Rotation group SO(3)

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"SO(3)" redirects here. For its definition over an arbitrary field, see special orthogonal group.

In mechanics and geometry, the 3D rotation group is the group of all rotations about the origin of three-dimensional Euclidean space R3 under the operation of composition.[1] By definition, a rotation about the origin is a transformation that preserves the origin, Euclidean distance (so it is an isometry), and orientation (i.e. handedness of space). A distance-preserving transformation which reverses orientation is an improper rotation, that is a reflection or, in the general position, a rotoreflection. The origin in Euclidean space establishes a one-to-one correspondence between points and their coordinate vectors. Rotations about the origin can be thought of as magnitude-preserving linear transformations of Euclidean 3-dimensional vectors (whose vector space is also denoted as R3).

Composing two rotations results in another rotation; every rotation has a unique inverse rotation; and the identity map satisfies the definition of a rotation. Owing to the above properties (along with the associative property, which rotations obey), the set of all rotations is a group under composition. Moreover, the rotation group has a natural manifold structure for which the group operations are smooth; so it is in fact a Lie group. The rotation group is often denoted SO(3) (or, less ambiguously, SO(3, R)) for reasons explained below.

Length and angle[edit]

Besides just preserving length, rotations also preserve the angles between vectors. This follows from the fact that the standard dot product between two vectors u and v can be written purely in terms of length:

\mathbf{u}\cdot\mathbf{v} = \tfrac{1}{2}\left(\|\mathbf{u}+\mathbf{v}\|^2 - \|\mathbf{u}\|^2 - \|\mathbf{v}\|^2\right).

It follows that any length-preserving transformation in R3 preserves the dot product, and thus the angle between vectors. Rotations are often defined as linear transformations that preserve the inner product on R3, which is equivalent to requiring them to preserve length. See classical group for a treatment of this more general approach, where SO(3) appears as a special case.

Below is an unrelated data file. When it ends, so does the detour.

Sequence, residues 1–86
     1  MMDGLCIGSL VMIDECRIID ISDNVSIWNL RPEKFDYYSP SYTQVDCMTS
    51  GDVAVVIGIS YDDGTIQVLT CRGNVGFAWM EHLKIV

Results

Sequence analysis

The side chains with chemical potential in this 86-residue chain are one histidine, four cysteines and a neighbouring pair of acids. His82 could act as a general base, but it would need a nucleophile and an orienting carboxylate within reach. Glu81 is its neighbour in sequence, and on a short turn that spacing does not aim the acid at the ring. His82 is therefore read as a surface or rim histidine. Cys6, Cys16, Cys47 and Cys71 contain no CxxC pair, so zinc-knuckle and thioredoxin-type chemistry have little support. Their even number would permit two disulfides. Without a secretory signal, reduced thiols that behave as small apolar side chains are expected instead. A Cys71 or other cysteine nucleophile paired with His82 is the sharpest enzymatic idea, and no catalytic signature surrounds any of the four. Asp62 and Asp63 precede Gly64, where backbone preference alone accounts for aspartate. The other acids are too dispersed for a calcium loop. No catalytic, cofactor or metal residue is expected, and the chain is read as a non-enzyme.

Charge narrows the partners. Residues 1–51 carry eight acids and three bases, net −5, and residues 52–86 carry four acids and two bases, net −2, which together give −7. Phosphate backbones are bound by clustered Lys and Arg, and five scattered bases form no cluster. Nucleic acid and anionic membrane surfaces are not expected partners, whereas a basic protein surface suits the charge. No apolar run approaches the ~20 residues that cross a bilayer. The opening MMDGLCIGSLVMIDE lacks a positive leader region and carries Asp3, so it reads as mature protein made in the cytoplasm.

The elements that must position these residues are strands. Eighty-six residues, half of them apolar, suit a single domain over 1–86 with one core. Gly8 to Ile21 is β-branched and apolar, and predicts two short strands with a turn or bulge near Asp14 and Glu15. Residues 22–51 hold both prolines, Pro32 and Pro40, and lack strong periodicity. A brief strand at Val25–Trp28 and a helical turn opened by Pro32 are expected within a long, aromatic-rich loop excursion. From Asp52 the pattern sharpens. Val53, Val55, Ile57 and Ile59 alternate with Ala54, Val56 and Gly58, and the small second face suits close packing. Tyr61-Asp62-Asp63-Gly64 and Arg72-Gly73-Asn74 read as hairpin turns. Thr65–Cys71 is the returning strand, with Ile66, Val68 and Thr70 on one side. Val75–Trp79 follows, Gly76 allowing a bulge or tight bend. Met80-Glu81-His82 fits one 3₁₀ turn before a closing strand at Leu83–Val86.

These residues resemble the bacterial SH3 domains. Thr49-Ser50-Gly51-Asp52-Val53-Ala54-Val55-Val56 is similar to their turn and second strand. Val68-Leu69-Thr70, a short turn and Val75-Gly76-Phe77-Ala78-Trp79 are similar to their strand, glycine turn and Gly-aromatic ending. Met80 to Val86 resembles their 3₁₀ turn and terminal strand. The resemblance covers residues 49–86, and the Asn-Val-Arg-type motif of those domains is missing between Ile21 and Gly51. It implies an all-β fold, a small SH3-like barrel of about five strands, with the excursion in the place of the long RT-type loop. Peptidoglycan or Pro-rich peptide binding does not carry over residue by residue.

Orthogonal and rotation matrices[edit]

Every rotation maps an orthonormal basis of R3 to another orthonormal basis. Like any linear transformation of finite-dimensional vector spaces, a rotation can always be represented by a matrix. Let R be a given rotation. With respect to the standard basis e1, e2, e3 of R3 the columns of R are given by (Re1, Re2, Re3). Since the standard basis is orthonormal, and since R preserves angles and length, the columns of R form another orthonormal basis. This orthonormality condition can be expressed in the form

R^\mathsf{T}R = I,

where RT denotes the transpose of R and I is the 3 × 3 identity matrix. Matrices for which this property holds are called orthogonal matrices. The group of all 3 × 3 orthogonal matrices is denoted O(3), and consists of all proper and improper rotations.

In addition to preserving length, proper rotations must also preserve orientation. A matrix will preserve or reverse orientation according to whether the determinant of the matrix is positive or negative. For an orthogonal matrix R, note that det RT = det R−1 implies (det R)2 = 1, so that det R = ±1. The subgroup of orthogonal matrices with determinant +1 is called the special orthogonal group, denoted SO(3).

Thus every rotation can be represented uniquely by an orthogonal matrix with unit determinant. Moreover, since composition of rotations corresponds to matrix multiplication, the rotation group is isomorphic to the special orthogonal group SO(3).

Improper rotations correspond to orthogonal matrices with determinant −1, and they do not form a group because the product of two improper rotations is a proper rotation.

Group structure[edit]

The rotation group is a group under function composition (or equivalently the product of linear transformations). It is a subgroup of the general linear group consisting of all invertible linear transformations of the real 3-space R3.[2]

Furthermore, the rotation group is nonabelian. That is, the order in which rotations are composed makes a difference. For example, a quarter turn around the positive x-axis followed by a quarter turn around the positive y-axis is a different rotation than the one obtained by first rotating around y and then x.

The orthogonal group, consisting of all proper and improper rotations, is generated by reflections. Every proper rotation is the composition of two reflections, a special case of the Cartan–Dieudonné theorem.

Axis of rotation[edit]